Another “loss of control” dream that I’ve experienced while traveling is driving a car and suddenly realizing that the pedals are out of reach. (Anyone who has survived a moto-taxi ride in Phnom Penh can sympathize).

2. Home Sweet Home

You wake up in your own bed, go downstairs, make coffee and read the local paper at the kitchen table. Your parents are already up, eating their breakfast, and your dog comes over for a pat on the head.

Everything is blissful and happy…until you wake up and find yourself back in the ratty hostel in Uzbekistan. Crap. Home is a long, long way away.

Dreaming idealized visions of home is not uncommon when traveling, especially if you’re already feeling a bit homesick. This sort of dream is a symptom of culture shock, which afflicts all travelers from time to time.

Although waking up in a strange place after dreaming vividly of home can be a miserable feeling, it’s important to realize that homesickness is a natural part of travel.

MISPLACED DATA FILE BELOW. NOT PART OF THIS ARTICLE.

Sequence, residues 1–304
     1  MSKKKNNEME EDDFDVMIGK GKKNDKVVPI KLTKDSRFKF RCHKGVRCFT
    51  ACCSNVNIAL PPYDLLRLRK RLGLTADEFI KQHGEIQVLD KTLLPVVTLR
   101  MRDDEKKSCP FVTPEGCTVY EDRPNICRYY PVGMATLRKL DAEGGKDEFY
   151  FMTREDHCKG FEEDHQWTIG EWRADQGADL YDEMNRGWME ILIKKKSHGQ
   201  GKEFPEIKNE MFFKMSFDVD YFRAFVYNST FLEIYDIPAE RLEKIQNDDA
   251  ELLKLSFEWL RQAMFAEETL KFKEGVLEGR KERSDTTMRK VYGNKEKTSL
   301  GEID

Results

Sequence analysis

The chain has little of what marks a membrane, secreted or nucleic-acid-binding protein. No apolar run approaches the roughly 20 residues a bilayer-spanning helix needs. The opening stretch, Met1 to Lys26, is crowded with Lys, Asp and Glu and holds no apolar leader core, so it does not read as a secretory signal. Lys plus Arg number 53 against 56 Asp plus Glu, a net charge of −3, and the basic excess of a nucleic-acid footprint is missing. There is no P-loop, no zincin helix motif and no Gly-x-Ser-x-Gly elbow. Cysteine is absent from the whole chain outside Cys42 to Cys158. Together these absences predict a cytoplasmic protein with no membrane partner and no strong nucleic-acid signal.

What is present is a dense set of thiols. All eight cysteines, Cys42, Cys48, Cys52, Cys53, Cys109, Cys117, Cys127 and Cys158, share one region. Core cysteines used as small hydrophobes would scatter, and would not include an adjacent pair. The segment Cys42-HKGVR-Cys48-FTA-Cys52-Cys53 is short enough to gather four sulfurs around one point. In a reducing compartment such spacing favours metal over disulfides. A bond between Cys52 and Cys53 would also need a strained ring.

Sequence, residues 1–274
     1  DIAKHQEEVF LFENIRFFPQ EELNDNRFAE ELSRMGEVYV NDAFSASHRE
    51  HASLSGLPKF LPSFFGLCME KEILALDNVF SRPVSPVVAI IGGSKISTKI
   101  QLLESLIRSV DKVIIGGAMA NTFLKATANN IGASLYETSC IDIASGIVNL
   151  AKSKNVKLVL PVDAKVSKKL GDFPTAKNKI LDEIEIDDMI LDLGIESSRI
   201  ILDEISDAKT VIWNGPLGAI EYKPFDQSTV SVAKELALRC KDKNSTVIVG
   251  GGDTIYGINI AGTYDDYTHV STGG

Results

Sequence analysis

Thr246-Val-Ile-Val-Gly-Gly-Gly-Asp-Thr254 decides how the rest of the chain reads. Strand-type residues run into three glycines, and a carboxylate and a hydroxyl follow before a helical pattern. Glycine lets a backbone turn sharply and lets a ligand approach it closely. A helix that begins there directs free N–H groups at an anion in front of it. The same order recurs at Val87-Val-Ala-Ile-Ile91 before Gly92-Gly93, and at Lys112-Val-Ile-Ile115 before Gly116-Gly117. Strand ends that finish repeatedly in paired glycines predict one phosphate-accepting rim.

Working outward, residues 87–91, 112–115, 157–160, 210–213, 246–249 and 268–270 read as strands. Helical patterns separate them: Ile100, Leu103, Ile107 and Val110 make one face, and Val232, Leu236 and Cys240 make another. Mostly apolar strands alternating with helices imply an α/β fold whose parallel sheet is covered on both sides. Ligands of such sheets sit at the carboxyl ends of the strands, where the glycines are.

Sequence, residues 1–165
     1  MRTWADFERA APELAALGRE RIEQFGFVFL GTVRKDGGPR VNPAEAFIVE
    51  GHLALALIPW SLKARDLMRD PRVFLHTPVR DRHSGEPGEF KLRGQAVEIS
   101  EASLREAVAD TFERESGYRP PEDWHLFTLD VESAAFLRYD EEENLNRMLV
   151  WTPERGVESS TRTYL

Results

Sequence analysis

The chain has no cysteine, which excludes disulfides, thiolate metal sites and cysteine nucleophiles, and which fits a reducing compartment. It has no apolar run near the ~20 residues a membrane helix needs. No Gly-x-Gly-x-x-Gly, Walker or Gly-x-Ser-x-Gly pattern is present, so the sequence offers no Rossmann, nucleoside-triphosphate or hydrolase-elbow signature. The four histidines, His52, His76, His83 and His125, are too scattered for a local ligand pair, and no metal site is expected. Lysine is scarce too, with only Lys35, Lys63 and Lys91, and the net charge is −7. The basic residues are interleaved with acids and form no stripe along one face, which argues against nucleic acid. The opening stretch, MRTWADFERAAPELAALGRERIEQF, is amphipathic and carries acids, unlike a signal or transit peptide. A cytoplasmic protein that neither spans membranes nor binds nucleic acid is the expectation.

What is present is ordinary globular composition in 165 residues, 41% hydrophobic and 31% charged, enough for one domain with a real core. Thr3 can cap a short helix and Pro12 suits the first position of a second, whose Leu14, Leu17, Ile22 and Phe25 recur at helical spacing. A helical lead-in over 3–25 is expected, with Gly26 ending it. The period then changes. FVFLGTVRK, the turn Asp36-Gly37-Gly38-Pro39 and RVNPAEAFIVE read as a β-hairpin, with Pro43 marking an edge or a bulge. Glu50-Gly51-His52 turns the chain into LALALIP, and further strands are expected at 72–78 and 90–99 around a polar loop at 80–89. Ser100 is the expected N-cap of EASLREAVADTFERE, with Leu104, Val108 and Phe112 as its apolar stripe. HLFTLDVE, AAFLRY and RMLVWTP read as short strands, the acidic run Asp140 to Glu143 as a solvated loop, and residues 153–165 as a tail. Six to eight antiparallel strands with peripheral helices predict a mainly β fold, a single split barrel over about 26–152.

Plus, although you’ll no doubt have countless mornings at home to look forward to, you probably won’t ever come back to Uzbekistan, so get outside and enjoy the day!

3. Speaking In Tongues

If you speak in a foreign language while dreaming, it’s a sure sign that you’re beginning to feel at home in your new environment and culture.

If you speak in a foreign language while dreaming, it’s a sure sign that you’re beginning to feel at home in your new environment and culture.

Dreams are perhaps the most intimate, personal and unguarded moments of our day to day lives, and if a foreign language enters into your dreams it means that a new place has penetrated to the depths of your sub-conscious.

This is good news for ex-pats and longterm travelers, because getting in tune with the local culture and speaking the local language is key to getting over culture shock and experiencing a genuine sense of place.

For travelers with limited time, however, dreaming in a foreign language might be a sign that it’s time to move on to the next destination!